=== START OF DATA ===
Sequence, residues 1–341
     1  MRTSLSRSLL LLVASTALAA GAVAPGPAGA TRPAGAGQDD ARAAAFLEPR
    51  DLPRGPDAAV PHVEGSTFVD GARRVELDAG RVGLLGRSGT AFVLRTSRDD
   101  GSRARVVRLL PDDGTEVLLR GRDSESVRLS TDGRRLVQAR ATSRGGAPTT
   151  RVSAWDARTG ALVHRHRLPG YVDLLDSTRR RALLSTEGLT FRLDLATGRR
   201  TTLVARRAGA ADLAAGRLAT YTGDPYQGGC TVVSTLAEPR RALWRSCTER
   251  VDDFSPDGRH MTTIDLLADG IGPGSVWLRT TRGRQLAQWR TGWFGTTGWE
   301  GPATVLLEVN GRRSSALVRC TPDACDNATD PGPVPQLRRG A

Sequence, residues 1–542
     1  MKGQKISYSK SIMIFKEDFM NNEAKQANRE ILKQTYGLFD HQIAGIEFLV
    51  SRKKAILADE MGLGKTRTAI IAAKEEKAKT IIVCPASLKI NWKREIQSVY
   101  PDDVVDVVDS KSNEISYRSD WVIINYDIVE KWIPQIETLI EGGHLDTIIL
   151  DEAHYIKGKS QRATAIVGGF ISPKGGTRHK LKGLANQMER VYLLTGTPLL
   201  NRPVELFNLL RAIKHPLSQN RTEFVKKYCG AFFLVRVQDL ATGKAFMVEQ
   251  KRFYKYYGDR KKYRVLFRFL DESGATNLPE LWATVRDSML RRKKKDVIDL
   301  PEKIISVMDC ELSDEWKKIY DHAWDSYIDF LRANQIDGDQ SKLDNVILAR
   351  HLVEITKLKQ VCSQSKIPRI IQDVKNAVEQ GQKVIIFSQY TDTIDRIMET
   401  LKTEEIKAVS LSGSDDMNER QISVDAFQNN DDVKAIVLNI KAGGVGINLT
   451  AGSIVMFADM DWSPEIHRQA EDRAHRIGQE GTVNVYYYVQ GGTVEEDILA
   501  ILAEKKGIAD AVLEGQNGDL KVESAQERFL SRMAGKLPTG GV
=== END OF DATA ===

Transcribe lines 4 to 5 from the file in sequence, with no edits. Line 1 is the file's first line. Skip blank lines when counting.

   101  GSRARVVRLL PDDGTEVLLR GRDSESVRLS TDGRRLVQAR ATSRGGAPTT
   151  RVSAWDARTG ALVHRHRLPG YVDLLDSTRR RALLSTEGLT FRLDLATGRR